Wednesday, September 21, 2011
Kerry Jang, Issues & Ideas
Vancouver taking comprehensive approach to sex trade issues
Vancouver has a long and painful history of sex workers, particularly women, being violently abused, exploited, and in the case of Pickton's victims, murdered. This Thursday, City Council will debate a report that charts a path forward that will help prevent youth from being recruited, better protect sex workers' health and safety, advocate for much-needed support systems to assist individuals to exit the sex trade, and work with neighbourhoods to address the negative impacts of sex work.
This complex public issue affects urban centres across the globe. Poverty, racism, inequality, and a lack of access to safe, stable housing are common issues. In Canada, communities have called for governments at all levels to do something; in the past, action has been sporadic and uncoordinated. Often times, new policies did little but push a problem from one neighbourhood to another, or drive sex work underground, forcing women and others into more risky situations where abuses can occur with impunity.
The report coming to Vancouver City Council on Thursday focuses on what specifically the City can do within the current federal legal context to address the range of issues, and what other levels of government can do. The overriding message of the report is that a comprehensive and coordinated approach among all levels of government, law enforcement agencies, communities and stakeholders is required.
Cities can play a key role in prevention by directly supporting and advocating for child care and after-school programs for children that build their resilience, and "buddy programs" that teach kids to recognize luring and Internet safety. My own daughter participated in such a program a few years ago and can now recognize and avoid pimps, dealers and manipulation.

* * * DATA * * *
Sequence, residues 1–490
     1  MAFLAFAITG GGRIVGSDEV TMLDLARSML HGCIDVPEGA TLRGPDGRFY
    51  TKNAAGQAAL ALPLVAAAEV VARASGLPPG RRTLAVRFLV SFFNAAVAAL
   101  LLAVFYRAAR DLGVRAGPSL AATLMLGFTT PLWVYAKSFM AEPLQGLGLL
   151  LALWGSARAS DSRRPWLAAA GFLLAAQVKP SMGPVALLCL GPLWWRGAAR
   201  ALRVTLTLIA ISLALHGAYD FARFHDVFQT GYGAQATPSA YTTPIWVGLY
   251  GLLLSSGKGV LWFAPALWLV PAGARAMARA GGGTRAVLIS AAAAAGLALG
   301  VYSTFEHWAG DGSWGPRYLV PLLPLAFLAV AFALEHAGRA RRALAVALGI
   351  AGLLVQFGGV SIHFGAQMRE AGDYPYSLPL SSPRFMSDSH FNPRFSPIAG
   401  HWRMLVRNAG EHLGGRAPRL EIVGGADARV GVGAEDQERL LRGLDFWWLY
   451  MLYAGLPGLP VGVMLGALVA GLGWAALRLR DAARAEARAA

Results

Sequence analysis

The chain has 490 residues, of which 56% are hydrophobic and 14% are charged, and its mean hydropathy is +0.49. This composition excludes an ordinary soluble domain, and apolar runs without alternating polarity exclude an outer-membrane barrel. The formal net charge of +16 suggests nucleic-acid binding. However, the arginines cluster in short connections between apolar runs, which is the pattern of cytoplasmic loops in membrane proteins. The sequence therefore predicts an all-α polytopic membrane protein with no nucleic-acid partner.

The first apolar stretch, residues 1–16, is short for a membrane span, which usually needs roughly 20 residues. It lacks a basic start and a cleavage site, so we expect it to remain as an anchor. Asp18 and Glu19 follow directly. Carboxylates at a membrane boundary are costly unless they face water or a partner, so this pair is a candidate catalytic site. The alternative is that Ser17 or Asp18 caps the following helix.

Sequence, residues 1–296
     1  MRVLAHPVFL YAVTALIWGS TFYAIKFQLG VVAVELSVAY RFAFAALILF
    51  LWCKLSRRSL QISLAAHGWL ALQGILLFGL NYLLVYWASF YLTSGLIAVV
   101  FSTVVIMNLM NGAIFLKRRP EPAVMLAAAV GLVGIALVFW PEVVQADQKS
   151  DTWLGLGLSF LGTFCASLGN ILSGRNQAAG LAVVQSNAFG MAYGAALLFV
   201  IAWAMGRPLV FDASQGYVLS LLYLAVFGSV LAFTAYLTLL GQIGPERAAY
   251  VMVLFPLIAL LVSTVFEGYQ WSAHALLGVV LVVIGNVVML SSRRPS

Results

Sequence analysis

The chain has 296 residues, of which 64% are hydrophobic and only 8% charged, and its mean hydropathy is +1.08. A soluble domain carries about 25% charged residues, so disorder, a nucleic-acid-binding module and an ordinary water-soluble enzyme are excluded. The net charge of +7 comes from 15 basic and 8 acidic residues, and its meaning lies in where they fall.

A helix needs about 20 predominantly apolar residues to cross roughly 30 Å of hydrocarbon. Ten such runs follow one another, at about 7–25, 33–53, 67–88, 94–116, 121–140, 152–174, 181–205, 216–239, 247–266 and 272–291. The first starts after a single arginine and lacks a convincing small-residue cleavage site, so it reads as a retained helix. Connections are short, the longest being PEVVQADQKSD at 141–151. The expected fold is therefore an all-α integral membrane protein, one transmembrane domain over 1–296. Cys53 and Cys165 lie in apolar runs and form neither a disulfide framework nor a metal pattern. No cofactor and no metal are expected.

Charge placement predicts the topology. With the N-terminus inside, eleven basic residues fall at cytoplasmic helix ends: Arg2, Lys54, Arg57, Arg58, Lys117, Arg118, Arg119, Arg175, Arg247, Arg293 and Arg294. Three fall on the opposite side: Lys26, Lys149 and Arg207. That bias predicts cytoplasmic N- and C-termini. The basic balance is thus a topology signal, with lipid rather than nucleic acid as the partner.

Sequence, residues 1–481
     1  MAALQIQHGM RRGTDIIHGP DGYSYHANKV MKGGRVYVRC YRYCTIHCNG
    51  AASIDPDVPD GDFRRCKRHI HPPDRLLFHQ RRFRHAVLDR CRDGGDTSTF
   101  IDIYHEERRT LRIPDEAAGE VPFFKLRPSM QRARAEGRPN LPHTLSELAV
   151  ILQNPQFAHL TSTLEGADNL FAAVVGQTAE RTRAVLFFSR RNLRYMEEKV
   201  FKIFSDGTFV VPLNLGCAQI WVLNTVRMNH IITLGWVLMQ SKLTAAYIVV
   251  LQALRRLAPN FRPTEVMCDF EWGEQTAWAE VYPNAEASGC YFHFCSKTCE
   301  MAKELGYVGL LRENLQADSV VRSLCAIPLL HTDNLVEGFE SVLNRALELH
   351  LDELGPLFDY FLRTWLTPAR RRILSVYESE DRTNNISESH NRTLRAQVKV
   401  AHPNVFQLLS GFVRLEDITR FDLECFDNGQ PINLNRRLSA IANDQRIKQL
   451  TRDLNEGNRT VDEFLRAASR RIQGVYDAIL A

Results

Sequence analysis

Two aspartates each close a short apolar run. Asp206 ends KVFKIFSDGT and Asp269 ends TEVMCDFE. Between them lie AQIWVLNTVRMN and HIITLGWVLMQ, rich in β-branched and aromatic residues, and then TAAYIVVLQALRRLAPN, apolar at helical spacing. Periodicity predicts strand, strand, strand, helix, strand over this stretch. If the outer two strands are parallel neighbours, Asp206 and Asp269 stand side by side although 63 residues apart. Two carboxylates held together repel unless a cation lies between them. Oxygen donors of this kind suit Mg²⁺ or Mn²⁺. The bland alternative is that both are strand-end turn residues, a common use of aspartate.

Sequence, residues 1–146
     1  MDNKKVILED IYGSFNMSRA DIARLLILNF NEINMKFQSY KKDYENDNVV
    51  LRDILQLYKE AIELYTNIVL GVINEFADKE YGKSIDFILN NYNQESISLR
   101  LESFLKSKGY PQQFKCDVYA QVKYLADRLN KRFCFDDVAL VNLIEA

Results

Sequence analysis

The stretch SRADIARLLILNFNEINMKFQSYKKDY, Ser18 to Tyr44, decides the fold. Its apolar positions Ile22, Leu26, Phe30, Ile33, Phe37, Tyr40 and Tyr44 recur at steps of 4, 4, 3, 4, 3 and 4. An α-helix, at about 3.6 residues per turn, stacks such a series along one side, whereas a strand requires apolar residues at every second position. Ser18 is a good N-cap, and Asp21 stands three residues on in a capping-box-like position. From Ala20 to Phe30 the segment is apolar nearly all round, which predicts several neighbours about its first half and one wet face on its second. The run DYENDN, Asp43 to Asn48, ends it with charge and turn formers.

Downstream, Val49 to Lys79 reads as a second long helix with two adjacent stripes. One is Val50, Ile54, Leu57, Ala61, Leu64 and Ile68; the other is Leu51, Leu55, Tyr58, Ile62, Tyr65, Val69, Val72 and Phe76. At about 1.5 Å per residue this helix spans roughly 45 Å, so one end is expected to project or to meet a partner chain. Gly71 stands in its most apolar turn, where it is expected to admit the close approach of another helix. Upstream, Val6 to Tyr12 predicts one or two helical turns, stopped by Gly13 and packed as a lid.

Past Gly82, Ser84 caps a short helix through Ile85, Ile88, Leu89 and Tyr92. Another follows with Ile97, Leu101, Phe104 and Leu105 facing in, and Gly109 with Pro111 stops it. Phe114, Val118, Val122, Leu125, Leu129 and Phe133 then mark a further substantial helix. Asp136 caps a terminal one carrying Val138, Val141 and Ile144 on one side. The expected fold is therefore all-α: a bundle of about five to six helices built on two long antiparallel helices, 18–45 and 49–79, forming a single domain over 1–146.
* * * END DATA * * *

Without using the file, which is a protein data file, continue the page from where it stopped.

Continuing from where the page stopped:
We can support community safety by having front-line City staff disseminate information, as well as provide referrals to resources and supports. City community service grants can be targeted to the programs and outreach services, including exiting supports, run by non-profits.
The real power a municipal government has is land use and regulation. The council report highlights a need to review licensing and enforcement practices to enhance neighbourhood safety, the safety of sex workers, and to better target premises where there is a risk for trafficking and exploitation. We also need to improve information sharing between City inspectors, the Vancouver Police Department, senior governments and NGOs to improve information and referrals to available services, and allow for more immediate action on problem premises.
Some may argue that impacts from the sex trade and the prevention of sexual exploitation are not issues that a municipal government should be addressing. Not true. A city has the responsibility to do what it can to create safe and inclusive communities for all of our citizens.
Long-term success in addressing the negative impacts of the sex trade will require senior government action on poverty reduction, housing, and immigration. When partnerships between municipalities and senior levels of government are established, we can achieve real results. An example of this is on homelessness, where the City of Vancouver and the provincial government have partnered on new shelters and housing, resulting in a decrease of more than 600 homeless people on the streets of Vancouver since 2008.
There is no shortage of opinions on how, as a society, we should deal with these issues. That is why the council report represents a balanced approach. It focuses on what the City can do, advocates to senior governments to play their part, and does so in a way that helps our most vulnerable citizens through an emphasis on prevention, improved personal health and safety, support for exiting, and better enforcement where exploitation and trafficking exist.It is our hope that other municipalities and senior government partners will join us in our efforts.
Kerry Jang is a Vision Vancouver city councillor.
Created: September 21, 2011
Last modified: November 12, 2011
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